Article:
So having two people I adore get in touch about starting just exactly the kind of get-togethers I didn’t quite know I was dreaming of felt like a wave of blessings and rightness washing over me.  I feel like the Universe was listening to the whispers in my mind and put together the perfect answer to a prayer I hadn’t quite said.  I also feel it says something about the shifts and opening in me that these two perfect offers appeared within a week or two of each other.

Although a lot of the teachings out there on manifestation are firm about the need to be specific, visualize exactly, etc., I’ve often had experiences more like this one.  Some vague longings and thoughts move through me and sometime thereafter an amazing solution that takes all the ramblings and feelings into account shows up.  In this case I also feel like the direction of both activities toward staying balanced and holding a certain kind of space in these chaotic times is part of my path forward into becoming the emissary of peace I aspire to be even if I still don’t see precisely what the path is.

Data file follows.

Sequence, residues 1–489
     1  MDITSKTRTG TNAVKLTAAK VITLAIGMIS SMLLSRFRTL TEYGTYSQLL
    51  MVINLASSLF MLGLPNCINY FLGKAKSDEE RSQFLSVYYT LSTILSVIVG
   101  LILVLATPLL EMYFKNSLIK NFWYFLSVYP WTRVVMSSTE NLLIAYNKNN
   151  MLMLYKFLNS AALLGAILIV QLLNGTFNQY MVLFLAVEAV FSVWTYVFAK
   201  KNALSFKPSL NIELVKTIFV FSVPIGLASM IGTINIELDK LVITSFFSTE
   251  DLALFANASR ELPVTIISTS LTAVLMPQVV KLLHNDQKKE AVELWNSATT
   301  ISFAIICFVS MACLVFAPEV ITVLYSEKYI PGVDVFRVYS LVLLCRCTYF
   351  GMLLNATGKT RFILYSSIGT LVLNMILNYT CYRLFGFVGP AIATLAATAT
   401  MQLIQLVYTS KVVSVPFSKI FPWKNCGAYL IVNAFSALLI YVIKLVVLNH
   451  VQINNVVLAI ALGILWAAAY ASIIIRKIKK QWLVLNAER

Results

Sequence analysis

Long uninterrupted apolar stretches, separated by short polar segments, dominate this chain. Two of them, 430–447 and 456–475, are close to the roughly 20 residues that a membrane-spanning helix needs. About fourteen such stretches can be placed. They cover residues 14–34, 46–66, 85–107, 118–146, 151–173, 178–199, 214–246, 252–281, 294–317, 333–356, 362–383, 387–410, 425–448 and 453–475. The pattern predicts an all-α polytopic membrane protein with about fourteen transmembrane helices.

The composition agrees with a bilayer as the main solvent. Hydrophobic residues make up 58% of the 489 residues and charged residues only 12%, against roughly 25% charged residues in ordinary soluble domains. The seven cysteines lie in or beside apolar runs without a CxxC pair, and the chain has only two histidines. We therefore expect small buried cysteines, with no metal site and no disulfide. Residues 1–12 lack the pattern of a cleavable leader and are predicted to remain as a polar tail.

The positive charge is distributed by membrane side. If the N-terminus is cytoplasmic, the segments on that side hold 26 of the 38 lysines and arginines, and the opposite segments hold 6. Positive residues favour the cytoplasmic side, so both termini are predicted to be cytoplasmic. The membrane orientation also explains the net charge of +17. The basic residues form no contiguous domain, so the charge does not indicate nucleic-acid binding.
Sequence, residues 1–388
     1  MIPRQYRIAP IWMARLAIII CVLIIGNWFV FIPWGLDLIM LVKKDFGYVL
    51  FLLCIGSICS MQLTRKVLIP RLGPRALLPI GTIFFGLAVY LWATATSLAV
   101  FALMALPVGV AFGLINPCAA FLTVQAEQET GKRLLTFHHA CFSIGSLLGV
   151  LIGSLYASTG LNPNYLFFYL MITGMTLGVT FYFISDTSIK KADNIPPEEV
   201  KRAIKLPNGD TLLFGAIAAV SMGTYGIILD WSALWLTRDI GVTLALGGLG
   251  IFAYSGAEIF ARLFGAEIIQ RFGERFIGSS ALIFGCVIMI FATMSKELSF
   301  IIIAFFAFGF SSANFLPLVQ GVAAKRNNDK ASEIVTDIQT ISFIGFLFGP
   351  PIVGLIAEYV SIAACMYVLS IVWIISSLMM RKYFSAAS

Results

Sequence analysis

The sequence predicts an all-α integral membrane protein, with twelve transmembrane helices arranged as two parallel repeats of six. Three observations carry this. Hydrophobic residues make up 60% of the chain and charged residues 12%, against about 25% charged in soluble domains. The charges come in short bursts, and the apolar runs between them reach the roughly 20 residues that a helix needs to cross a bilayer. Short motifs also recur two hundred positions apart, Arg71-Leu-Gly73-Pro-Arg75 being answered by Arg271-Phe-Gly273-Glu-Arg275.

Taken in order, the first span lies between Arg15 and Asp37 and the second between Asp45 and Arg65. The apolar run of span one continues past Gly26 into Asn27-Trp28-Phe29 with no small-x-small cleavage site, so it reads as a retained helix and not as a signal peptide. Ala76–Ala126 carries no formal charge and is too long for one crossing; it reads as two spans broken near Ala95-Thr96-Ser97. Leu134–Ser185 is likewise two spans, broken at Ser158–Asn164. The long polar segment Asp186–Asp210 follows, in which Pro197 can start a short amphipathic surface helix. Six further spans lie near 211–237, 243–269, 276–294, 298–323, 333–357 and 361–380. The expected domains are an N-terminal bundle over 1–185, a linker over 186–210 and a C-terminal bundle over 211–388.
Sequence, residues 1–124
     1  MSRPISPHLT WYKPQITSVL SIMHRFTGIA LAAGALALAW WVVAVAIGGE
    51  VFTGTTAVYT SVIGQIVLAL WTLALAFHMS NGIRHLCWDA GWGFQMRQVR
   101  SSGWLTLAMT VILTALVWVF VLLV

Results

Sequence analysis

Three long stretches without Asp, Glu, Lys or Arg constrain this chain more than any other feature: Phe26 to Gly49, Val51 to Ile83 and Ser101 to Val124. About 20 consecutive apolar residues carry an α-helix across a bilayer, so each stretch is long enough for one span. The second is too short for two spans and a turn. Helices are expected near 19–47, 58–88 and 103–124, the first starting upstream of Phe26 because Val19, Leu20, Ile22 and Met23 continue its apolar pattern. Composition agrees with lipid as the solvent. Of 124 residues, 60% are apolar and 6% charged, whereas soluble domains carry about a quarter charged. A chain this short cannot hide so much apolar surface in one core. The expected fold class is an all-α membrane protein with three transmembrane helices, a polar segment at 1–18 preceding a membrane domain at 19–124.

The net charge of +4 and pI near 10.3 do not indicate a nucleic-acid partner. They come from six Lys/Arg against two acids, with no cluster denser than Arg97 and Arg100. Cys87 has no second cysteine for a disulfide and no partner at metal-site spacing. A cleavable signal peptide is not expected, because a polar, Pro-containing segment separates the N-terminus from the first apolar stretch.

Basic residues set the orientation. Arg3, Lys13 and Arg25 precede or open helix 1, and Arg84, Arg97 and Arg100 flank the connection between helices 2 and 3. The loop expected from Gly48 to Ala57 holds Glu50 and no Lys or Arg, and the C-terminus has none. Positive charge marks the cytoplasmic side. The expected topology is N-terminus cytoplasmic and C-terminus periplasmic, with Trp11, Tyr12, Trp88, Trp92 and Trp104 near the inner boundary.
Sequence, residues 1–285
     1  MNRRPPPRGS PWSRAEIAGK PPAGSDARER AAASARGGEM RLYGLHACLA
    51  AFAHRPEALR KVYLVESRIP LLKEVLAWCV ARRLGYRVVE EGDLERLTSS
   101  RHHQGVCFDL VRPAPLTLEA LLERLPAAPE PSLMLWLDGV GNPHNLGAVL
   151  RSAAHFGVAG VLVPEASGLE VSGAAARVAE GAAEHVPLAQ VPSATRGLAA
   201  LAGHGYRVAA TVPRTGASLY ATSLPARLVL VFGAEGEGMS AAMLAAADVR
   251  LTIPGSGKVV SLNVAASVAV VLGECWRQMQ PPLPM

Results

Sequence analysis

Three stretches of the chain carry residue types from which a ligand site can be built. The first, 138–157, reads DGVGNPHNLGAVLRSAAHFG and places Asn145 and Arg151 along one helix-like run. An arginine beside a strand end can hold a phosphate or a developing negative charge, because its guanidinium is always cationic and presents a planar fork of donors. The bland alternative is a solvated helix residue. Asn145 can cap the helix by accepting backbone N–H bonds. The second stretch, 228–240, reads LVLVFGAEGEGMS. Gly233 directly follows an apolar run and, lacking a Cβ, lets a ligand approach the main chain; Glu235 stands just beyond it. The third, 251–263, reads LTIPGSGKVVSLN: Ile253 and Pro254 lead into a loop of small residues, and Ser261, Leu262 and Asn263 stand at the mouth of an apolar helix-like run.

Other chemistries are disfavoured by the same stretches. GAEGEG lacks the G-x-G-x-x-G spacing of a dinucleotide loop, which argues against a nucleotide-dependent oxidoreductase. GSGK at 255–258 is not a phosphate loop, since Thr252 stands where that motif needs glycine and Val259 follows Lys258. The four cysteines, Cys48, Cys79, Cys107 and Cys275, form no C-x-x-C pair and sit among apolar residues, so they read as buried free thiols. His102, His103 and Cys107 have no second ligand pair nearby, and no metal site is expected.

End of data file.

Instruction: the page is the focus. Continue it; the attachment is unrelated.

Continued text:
It just feels like a moment of amazing grace and I’m drinking it in and feeling so grateful and full of joy!

Still in the in between

I’ve been saying for several years now that I feel like I’m in a transition phase.  After years of almost non-stop emotional processing, spiritual practices and physical healing (all intertwined, of course), the journey finally led me to a place where I had no choice but to give all the changing and releasing time to percolate through and integrate.

To someone inclined to want to accomplish things while living in a culture that almost demands everyone at least appear to be constantly accomplishing things, this phase has seemed very long.  I didn’t imagine it would stretch to years although it makes sense that 20 years worth of transformational work with almost no integration or transition time would land me in a long liminal phase.